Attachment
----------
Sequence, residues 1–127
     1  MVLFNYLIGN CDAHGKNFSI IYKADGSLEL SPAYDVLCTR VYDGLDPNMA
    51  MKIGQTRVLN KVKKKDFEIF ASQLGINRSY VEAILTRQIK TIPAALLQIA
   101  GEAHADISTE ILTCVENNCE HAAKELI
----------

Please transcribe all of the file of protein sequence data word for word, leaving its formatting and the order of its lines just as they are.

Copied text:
Sequence, residues 1–127
     1  MVLFNYLIGN CDAHGKNFSI IYKADGSLEL SPAYDVLCTR VYDGLDPNMA
    51  MKIGQTRVLN KVKKKDFEIF ASQLGINRSY VEAILTRQIK TIPAALLQIA
   101  GEAHADISTE ILTCVENNCE HAAKELI